If you feed your fish with frozen foods, then you may want to check out the Gourmet Defroster product, from Innovative Marine. I got this fun little gadget as a birthday gift, and couldn’t wait to check it out.
What is the Gourmet Defroster and why would you use one?
The Gourmet Defroster is a small gadget that makes feeding your fish just a little bit easier. The design is relatively simple--it is a clear plastic cup (really 2 cups), attached to a rather strong magnet. The magnet helps hold it in place, at the surface of your aquarium water, and the cup itself has several holes, undoubtedly painstakingly designed, to create a bit of swirling water flow within the cup.
The novelty is in the engineering which makes it so simple and easy to use. There are holes drilled into each of the cups that make it the perfect reservoir for thawing out the frozen food for your fish.
Drop the frozen food into the cup and the circulating (reef temperature) water does the rest. As the food particles become thawed, they float out one of the holes in the sides or bottom of the cup.
When you feed frozen foods to the animals in your tanks, you have historically had 3 basic options:
- Drop the frozen morsel right into the tank. Doing so can cause some problems, though. Your most aggressive fish will take big mouthfuls and eat more than their share. Chunks of semi-frozen food will float to sections of the tank you don’t want them to, or even worse--they might drift to a corner and go uneaten.
- You could thaw it out, first, setting the cube in a bowl of water. Not a hard job, but how many times have you left that bowl of water and frozen food out for a family member to find. Then, once the frozen food has thawed, you either dump it all in (creating a storm of food) or dole it out sparingly, which is sometimes a fun manual step and other times feels like a chore.
- The third option is that you thaw and rinse your food--because you don’t want the nutrients in the ‘juice’ to pollute your tank
As you can see, there are pros and cons to each method. If you run a low-nutrient tank, the Gourmet Defroster may not be for you--because the whole frozen food product will be placed in your tank. But if you use either methods 1 or 2, it could give you a new and even easier option to consider.
This little gadget lets you go from freezer to tank in one step while dripping out the food piece-by-piece, as it thaws.
Product review: The Gourmet defroster in action--in my tank
So now, let’s talk about how it performed in a real-life test in my tank. The product performed its simple task quite well, in my tank, once properly installed. That’s the important caveat--that explains what was a lukewarm experience in the beginning.
As mentioned above, the product is designed to accommodate two different frozen food types/styles: those that are bound with gelatin and those that are ‘just’ frozen. The reason this is important is that the top and bottom cups may look the same, but each is designed to handle one of these food types--so if you have the gelatin side at the top--and are feeding ‘regular’ frozen brine or Mysis shrimp, it won’t work as well.
If installed upside-down, the food does melt in the cup, but you need to ‘stir it up’ to disperse the foods.
Once I figured that out (and my manual error), the product worked as expected. The food floats and catches a current out, attracting the fish and seeming a bit more natural, when a morsel gets caught in the current.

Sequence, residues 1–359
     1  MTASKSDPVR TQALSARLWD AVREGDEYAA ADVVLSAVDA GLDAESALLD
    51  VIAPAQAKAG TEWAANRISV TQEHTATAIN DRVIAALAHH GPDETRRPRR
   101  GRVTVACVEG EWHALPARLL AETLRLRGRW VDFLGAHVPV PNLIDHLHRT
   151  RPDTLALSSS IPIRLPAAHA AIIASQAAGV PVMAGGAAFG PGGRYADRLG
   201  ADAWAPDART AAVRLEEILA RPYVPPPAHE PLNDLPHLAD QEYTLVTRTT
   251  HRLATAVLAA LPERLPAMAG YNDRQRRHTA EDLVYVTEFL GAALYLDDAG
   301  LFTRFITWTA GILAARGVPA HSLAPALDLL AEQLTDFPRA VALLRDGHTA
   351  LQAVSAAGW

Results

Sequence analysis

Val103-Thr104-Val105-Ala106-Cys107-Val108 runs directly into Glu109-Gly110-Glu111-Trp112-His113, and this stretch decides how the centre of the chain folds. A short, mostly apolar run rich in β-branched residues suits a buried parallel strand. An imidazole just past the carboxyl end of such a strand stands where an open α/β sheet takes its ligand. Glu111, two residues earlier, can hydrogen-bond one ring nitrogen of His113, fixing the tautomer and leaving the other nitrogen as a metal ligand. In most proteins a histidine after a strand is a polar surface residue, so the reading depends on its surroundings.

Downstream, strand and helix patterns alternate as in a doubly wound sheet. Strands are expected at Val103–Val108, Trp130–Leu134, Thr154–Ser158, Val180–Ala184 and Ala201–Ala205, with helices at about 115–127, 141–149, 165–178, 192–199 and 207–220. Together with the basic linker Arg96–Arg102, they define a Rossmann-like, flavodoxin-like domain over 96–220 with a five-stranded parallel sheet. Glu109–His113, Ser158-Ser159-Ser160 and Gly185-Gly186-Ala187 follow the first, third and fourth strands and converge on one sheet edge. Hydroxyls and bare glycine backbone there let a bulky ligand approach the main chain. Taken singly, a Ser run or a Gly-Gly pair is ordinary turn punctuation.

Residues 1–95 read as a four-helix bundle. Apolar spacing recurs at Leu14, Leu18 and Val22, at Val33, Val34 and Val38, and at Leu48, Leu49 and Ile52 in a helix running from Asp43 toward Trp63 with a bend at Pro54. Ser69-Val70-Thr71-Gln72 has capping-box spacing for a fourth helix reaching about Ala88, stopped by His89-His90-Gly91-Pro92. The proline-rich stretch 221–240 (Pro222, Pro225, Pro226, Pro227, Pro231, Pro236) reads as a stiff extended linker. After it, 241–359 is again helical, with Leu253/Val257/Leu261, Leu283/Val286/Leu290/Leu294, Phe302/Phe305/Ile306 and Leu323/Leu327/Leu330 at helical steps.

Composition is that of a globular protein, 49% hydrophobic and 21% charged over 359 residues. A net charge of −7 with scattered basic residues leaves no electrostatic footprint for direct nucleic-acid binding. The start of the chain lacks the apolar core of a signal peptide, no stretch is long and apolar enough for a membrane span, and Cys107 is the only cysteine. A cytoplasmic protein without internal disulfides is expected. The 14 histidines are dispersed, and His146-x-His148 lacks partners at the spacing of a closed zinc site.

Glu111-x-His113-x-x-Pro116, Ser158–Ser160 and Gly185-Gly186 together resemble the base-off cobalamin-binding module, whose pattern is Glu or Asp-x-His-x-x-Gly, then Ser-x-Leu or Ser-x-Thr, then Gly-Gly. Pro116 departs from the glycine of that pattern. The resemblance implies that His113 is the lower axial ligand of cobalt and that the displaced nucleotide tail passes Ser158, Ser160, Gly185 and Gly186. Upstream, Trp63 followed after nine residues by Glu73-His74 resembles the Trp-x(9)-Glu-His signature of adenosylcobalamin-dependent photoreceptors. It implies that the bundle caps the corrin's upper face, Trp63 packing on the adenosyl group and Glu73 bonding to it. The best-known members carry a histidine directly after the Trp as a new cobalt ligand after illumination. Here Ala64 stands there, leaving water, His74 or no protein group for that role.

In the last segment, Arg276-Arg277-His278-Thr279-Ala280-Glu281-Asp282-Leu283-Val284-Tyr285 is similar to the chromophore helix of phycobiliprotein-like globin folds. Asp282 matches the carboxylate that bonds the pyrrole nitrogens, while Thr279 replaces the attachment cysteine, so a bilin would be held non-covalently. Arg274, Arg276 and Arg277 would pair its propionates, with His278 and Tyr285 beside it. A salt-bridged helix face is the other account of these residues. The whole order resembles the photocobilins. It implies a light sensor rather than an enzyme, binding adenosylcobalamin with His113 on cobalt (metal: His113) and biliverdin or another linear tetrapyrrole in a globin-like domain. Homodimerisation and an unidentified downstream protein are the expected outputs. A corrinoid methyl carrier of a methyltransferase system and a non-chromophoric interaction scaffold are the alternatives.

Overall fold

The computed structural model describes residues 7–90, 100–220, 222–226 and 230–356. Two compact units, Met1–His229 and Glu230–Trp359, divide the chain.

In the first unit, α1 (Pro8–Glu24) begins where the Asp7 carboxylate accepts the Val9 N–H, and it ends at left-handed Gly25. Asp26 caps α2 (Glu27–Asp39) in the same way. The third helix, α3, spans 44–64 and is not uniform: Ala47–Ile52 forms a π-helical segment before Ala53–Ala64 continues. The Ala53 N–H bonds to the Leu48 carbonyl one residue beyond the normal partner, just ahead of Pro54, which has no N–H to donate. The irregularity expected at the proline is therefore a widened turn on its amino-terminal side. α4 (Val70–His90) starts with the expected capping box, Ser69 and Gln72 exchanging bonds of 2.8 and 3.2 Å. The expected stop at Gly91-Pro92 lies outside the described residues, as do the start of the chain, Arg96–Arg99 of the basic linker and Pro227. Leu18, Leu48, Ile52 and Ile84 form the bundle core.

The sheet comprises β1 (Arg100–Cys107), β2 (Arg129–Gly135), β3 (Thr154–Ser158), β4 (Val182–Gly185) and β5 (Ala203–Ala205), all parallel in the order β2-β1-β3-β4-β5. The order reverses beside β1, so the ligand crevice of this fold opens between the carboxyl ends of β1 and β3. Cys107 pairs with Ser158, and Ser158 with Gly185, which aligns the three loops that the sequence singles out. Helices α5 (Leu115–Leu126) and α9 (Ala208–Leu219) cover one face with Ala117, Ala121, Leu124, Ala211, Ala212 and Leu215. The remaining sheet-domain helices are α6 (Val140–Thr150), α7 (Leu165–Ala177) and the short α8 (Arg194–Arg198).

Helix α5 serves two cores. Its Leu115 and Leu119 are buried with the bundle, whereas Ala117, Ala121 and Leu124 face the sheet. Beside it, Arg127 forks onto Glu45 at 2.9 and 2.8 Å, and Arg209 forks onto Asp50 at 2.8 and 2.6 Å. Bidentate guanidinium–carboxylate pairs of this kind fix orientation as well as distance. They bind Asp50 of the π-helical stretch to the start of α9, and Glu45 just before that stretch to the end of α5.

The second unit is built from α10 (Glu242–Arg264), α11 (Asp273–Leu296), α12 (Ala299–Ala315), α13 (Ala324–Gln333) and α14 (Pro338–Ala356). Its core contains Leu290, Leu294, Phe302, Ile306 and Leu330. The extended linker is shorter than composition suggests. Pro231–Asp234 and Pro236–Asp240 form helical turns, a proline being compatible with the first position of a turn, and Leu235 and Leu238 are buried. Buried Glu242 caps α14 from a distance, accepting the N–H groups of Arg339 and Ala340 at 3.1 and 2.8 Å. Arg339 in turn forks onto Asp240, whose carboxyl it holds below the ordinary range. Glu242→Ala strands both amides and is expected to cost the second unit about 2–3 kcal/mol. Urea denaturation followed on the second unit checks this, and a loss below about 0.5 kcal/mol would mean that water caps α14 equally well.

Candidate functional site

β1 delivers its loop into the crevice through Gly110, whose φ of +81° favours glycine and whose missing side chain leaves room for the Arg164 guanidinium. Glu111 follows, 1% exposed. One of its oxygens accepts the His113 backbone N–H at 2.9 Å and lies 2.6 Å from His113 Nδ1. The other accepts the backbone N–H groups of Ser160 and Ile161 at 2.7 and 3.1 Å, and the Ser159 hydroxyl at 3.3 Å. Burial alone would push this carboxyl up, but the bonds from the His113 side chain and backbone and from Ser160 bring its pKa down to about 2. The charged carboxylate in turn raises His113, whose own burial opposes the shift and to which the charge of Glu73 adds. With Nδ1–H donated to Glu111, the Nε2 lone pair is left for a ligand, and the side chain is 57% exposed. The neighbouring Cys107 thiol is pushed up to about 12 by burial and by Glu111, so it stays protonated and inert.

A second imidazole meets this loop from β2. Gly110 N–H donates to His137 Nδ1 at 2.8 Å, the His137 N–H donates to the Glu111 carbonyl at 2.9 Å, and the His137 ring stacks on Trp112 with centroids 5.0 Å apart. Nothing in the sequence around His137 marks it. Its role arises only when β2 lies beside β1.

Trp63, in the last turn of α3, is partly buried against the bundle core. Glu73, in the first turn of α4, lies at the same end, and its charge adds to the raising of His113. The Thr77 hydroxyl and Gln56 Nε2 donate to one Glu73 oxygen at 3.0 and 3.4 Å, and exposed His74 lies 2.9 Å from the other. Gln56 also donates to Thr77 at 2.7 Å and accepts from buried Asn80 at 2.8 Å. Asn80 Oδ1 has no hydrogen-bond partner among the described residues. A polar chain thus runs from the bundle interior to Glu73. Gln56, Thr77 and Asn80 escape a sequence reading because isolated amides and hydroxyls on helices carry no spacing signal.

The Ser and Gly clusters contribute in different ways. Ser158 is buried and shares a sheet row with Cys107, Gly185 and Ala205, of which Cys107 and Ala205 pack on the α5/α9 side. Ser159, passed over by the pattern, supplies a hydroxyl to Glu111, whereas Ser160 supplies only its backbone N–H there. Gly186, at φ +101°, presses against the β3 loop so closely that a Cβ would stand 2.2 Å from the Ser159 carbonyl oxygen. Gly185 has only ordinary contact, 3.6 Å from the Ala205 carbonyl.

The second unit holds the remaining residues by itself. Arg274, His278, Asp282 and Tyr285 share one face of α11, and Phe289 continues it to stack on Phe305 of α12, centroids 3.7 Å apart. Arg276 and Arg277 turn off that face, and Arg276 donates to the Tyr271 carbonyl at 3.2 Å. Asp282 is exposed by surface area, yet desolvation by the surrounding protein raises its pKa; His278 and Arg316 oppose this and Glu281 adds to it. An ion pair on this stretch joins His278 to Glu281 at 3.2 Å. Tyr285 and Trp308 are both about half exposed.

Installation of the gourmet defroster
It couldn’t be any easier to install. It was super-easy and intuitive, as soon as you take it out of the box AND pay close attention to the difference between the TOP and BOTTOM, for your application. If you’ve used a MagFloat or any other magnetic clip on your tank, you’ll know, essentially, how to use the magnet to attach it to your glass.
The only real ‘moving parts’ or decisions you have to make are:
- Which side is up?
- Where to install it?
To decide which side is up, take a close look at the differences between the two cups:
The difference I want to call your attention to is how the holes are drilled in the clear side of the plastic--one cup has holes that are vertically aligned (reminds me of snowman buttons :)) and the other is horizontally aligned (looks like eyes).
For regular frozen foods, you want the vertically-aligned version on top. For gelatin-based foods, you want the horizontally-aligned version on top.
Where to install
You want to install the gourmet defroster at the top of the tank wall so that the top holes are at the waterline (flowing in), ideally with water flow pointed at it. Simply hold it in place with the strong magnet provided. I have a 92-gallon tank with curved glass and the magnet holds easily.
Where to buy
You can simplify your daily feedings with this fun little gadget delivered to your door for about $20 from Amazon. Check out the actual price and availability here.
This is definitely a ‘nice-to-have’ product, it isn’t a ‘need-to-have’ product. But if you’re a gotta-have aquarium owner who already has everything (well, almost everything), this inexpensive gizmo does perform it’s job well, is well made and is fun to use. Feeding my tank is now a little bit easier.
If you want to pick one up for yourself, you can find it here.
For more information
If you’re looking for other aquarium tools to help with mealtime, check out this other product review:
To learn more about aquarium foods and feeding fish and corals, check out:
Check out this video to get some more information about the Gourmet defroster, by Innovative Marine